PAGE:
Saturday, April 03, 2010
Reinventing the Wheel
It seems ridiculous, but I'm becoming more open to the idea that each generation has to do it to some extent. It's a critical part of growing up and asserting our independence and testing our wings. That gradual pulling away from our parents that we do as we get older is vital for preadolescents and teens and, while it makes me sad, I know that it is most often associated with frustration, eye-rolling, anger, and disdain.
I distinctly remember the acidic, condescending attitude I had toward my mother as a teenager. I was certain that she was old-fashioned, obtuse, and completely wrong about most things. My respect for her was at an all-time low during my high school years (cringing, sorry Mom). As badly as I feel about it, I know that I had to push her away in order to find my own boundaries and test my own theories and discover whether I had what it took to come up with solutions on my own. Thankfully, I know that she didn't take most of it personally and I often only seethed inside because I would never have dared hurt her by saying out loud some of the things I thought.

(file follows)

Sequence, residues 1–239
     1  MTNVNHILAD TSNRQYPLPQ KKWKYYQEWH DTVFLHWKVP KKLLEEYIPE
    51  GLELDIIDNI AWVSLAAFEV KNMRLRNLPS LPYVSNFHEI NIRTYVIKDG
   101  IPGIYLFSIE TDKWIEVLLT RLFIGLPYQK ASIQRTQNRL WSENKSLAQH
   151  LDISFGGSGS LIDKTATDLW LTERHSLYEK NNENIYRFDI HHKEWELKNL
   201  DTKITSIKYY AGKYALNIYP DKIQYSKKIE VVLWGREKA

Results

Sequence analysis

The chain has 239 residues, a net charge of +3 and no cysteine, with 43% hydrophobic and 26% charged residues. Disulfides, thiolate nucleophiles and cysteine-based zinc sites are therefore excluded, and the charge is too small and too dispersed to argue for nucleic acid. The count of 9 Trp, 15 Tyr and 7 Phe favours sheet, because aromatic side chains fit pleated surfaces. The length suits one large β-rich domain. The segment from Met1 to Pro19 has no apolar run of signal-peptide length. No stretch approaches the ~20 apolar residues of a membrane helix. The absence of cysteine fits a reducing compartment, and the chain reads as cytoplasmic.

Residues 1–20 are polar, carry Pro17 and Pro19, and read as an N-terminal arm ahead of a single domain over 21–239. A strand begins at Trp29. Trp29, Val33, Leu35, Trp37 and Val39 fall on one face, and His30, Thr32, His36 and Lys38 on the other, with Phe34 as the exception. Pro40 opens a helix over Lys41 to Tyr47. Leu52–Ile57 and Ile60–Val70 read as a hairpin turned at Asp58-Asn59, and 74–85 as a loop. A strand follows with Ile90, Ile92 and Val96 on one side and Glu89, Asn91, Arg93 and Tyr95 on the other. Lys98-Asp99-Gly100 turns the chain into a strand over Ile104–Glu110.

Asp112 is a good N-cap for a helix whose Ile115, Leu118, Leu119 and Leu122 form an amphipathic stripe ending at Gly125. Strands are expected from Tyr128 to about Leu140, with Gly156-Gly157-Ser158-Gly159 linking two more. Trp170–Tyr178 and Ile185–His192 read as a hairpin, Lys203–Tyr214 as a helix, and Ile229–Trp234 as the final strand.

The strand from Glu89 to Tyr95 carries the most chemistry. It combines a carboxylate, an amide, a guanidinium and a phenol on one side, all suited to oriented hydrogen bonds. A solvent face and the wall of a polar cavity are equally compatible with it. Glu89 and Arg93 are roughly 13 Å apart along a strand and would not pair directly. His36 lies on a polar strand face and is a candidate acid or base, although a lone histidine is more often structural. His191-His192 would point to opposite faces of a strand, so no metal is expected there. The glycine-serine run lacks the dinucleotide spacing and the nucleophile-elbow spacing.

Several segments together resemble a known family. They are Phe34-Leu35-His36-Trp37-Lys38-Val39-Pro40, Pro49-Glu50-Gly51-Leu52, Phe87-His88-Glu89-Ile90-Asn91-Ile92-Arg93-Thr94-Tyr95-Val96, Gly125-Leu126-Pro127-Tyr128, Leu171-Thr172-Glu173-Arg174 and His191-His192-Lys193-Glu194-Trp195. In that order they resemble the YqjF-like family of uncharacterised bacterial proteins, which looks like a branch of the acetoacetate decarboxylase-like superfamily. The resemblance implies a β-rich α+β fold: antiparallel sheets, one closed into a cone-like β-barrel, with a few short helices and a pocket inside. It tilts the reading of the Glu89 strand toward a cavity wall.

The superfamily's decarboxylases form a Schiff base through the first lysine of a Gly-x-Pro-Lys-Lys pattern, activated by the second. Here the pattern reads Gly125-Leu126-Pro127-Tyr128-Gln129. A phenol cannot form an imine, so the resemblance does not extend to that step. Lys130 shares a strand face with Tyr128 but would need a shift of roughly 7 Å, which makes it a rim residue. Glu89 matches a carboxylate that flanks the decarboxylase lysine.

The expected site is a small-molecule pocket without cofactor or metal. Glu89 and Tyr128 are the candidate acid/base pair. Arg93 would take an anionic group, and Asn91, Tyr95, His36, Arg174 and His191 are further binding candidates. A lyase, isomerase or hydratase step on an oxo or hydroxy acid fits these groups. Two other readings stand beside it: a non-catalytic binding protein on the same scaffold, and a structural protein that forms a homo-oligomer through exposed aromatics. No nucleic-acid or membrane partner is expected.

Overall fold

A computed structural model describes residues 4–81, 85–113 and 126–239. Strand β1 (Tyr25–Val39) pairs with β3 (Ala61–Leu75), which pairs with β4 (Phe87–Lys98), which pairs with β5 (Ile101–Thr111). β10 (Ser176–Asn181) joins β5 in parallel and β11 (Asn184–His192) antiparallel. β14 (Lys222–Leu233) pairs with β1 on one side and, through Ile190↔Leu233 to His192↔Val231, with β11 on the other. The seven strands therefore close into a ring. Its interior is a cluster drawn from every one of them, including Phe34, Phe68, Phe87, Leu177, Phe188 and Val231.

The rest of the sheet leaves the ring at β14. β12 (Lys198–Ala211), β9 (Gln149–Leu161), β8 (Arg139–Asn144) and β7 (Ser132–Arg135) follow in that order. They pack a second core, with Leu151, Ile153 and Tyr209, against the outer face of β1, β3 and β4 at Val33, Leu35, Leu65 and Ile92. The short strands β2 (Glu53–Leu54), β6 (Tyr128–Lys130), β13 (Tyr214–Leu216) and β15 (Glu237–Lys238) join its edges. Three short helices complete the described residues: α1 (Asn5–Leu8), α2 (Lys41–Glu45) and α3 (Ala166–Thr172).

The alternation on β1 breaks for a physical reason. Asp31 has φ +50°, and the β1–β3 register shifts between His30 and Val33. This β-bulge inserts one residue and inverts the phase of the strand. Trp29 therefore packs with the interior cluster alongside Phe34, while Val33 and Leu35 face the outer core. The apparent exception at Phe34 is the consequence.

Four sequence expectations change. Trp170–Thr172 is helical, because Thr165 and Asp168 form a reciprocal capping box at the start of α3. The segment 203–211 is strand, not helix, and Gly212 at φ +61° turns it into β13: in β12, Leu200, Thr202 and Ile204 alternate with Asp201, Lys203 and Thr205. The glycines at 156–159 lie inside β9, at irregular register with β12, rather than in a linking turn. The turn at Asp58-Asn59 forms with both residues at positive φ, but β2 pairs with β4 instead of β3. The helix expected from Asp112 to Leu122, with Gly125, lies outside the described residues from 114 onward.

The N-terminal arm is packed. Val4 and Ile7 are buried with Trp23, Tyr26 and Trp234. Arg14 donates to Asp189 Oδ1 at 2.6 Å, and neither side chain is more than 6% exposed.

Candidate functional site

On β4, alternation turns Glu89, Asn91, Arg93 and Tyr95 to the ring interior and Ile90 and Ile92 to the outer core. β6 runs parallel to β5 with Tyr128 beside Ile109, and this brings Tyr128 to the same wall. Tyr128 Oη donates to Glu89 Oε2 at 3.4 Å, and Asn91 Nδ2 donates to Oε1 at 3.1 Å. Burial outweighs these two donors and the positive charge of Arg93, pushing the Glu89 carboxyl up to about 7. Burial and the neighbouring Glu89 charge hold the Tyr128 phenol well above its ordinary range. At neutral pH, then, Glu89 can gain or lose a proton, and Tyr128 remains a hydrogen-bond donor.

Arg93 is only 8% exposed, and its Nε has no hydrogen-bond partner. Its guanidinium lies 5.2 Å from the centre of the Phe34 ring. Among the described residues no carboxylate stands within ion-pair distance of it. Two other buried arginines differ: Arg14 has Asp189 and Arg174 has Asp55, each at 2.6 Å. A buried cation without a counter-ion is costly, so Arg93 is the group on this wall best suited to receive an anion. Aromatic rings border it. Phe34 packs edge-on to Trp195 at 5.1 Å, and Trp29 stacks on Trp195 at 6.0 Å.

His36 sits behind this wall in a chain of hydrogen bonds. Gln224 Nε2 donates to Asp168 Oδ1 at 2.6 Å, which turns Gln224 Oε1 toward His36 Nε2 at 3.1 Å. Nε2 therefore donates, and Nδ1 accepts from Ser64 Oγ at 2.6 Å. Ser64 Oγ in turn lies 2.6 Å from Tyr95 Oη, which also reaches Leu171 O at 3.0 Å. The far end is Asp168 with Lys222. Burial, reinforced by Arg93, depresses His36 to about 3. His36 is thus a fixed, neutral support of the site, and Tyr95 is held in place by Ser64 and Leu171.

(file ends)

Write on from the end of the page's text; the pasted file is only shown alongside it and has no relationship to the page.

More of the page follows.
When I had my first child, I began shoving her away again - determined to do things in as opposite a way as possible than she had. I was set - concrete hard - on making entirely different choices and being a completely different parent than she had. I very much wanted her to be a part of my family's life, but it was so important to me that she recognize that this was MY family and she was here as an invited guest. I am certain that I made many mistakes along the way, not taking into account the wisdom and knowledge she possessed as a result of her years of parenting, and while part of me (the perfectionist bit) regrets that, I know that had she offered advice, it would have fallen on deaf ears anyway, and the actual tripping over my own feet was what helped me to learn how to walk as a mother.
From time to time I find myself doing a task just the way my mother did it and I realize that, while I came to this particular way of doing something through trial and error, it turns out that maybe my mom did have it right. I'm not certain whether these occasional flashes of insight will lead me to ask for her advice in the future, but they do have the effect of adding an additional layer of respect for her and reminding me that I still have some growing up to do.
I hope that I can remember these lessons as Eve and Lola grow up and push me away from them. I hope that I can have as much grace as my mother as they roll their eyes and huff annoyed breaths and stomp away from me. I hope that I can refrain from offering unwanted advice and simply recognize that it is their turn to reinvent the wheel.